Flowers flowers everywhere. The supermarket and the florist are probably two places that automatically spring to mind. The florist might be dearer, but they have experience in creating amazing bouquets and incredible floral installations. A definite go-to for your wedding or for that extra special gift. The supermarket. They're certainly convenient but exactly how fresh are those flowers? And come to think of it, how come you managed to buy roses from the florist in the middle of winter? Aren't they normally blooming in spring and summer?
These are the questions that people are now asking and if they're not then they should be. Exactly where did those roses come from in the florist? How far did they travel before they ended up in your wedding bouquet? What is their country of origin? Are they actually even safe for you to handle? How come those supermarket flowers look like they've been dragged through a bush backwards? (they probably have) These are all good and very relevant questions. Unlike food products flowers do not have to be labelled with their country of origin. How far have your roses travelled....well that's really a grey area.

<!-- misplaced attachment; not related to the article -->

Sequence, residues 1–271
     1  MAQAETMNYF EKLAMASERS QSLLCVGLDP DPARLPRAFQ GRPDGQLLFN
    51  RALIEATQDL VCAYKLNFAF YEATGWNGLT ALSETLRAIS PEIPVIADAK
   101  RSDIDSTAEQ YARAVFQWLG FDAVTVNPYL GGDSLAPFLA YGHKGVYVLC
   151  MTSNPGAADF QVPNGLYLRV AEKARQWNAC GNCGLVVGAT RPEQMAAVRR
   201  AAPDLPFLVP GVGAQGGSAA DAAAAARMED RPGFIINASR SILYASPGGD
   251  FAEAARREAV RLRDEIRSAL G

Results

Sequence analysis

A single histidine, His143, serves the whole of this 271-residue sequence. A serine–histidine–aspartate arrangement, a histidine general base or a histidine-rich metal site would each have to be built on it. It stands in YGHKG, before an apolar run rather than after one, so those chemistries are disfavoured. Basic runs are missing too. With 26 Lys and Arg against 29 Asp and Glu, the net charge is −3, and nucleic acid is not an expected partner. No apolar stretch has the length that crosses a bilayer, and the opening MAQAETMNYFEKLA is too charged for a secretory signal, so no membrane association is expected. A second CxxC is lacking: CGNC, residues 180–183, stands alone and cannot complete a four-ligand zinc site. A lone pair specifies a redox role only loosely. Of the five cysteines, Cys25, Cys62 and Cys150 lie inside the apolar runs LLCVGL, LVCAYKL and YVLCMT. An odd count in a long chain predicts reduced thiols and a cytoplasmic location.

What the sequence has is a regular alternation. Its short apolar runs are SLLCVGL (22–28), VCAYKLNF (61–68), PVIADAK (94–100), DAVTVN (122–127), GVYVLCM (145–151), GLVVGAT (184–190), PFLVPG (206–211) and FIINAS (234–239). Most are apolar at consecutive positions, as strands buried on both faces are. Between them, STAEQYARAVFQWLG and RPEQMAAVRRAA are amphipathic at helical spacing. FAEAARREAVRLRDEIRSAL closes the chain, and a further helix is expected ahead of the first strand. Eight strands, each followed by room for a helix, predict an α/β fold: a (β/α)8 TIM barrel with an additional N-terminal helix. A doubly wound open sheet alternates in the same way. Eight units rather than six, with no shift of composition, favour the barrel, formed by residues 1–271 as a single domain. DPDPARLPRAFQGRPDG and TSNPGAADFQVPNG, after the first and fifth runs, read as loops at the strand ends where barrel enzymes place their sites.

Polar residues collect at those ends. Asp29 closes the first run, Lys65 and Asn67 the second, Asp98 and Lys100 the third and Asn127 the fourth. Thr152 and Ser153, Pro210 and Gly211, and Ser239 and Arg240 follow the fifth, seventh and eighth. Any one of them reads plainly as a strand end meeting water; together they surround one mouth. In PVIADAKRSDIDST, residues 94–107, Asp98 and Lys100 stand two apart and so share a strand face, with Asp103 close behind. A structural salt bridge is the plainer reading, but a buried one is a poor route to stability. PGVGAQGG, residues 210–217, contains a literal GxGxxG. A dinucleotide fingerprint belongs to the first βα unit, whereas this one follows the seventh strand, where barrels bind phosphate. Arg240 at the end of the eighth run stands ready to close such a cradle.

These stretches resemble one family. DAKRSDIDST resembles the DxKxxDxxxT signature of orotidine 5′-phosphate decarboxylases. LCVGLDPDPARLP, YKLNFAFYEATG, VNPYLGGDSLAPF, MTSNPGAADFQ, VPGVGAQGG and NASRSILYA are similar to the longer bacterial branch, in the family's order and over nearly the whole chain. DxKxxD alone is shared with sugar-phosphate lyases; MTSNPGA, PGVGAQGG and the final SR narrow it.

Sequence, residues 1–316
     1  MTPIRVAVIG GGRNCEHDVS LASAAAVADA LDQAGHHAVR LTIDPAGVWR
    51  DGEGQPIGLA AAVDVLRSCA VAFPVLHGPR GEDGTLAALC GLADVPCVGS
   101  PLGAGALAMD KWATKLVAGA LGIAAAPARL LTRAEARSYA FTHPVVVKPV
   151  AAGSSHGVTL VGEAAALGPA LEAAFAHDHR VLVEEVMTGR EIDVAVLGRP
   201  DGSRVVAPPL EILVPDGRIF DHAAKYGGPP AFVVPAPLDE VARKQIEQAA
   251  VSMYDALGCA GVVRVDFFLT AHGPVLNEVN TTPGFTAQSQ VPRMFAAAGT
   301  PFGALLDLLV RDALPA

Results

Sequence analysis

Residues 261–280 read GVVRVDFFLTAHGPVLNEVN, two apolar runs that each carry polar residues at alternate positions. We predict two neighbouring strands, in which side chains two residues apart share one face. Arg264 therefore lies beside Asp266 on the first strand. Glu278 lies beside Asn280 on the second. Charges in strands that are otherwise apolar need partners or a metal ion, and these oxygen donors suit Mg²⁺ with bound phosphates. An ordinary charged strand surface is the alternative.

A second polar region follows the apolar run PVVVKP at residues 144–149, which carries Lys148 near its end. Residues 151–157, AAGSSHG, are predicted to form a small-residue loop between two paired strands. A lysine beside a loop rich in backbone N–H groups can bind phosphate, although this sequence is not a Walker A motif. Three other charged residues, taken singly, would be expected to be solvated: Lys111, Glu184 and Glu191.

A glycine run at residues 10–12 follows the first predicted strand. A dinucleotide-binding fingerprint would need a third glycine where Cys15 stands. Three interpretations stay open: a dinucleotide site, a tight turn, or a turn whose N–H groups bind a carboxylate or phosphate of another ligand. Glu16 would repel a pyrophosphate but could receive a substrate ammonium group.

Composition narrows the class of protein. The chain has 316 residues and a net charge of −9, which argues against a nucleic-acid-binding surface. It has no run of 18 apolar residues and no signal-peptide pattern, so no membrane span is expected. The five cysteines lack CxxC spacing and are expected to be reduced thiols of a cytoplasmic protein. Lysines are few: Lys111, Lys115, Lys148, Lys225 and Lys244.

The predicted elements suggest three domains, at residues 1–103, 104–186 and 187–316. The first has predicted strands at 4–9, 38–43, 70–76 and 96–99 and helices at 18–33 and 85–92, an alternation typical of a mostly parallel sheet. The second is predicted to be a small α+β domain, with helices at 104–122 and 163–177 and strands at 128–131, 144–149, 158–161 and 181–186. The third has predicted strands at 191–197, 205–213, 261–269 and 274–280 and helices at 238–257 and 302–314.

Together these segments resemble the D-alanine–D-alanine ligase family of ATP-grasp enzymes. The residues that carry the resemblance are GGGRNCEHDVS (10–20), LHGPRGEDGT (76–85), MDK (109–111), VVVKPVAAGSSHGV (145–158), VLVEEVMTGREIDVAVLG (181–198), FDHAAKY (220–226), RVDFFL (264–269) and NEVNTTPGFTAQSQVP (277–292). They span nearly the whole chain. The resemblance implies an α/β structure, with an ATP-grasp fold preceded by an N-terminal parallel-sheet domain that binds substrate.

The Netherlands is the highest exporter of cut flowers in the world, something like 65% of Europe's flowers come from there and are shipped to countries like Germany, Italy and the UK. The US imports a huge volume of its cut flowers and, I'm sorry to say, so does Australia. Most of our flowers are imported, and in winter, approximately 90% of our flowers have come from overseas. These babies have done more mileage than I have. That's not a good statistic, particularly if you're conscious of the sustainability of the products you are purchasing and their environmental impact. Australia mostly imports flowers from countries like Kenya, Colombia and Ecuador and unfortunately the international trade is forcing smaller Australian growers out of business. It's the age old story. They can produce them cheaper overseas and ship them in, all for less than what I, and others, can grow them for on our small micro flower farms. The price might be right, and the volume and variety of flowers a bonus, but what about the negatives?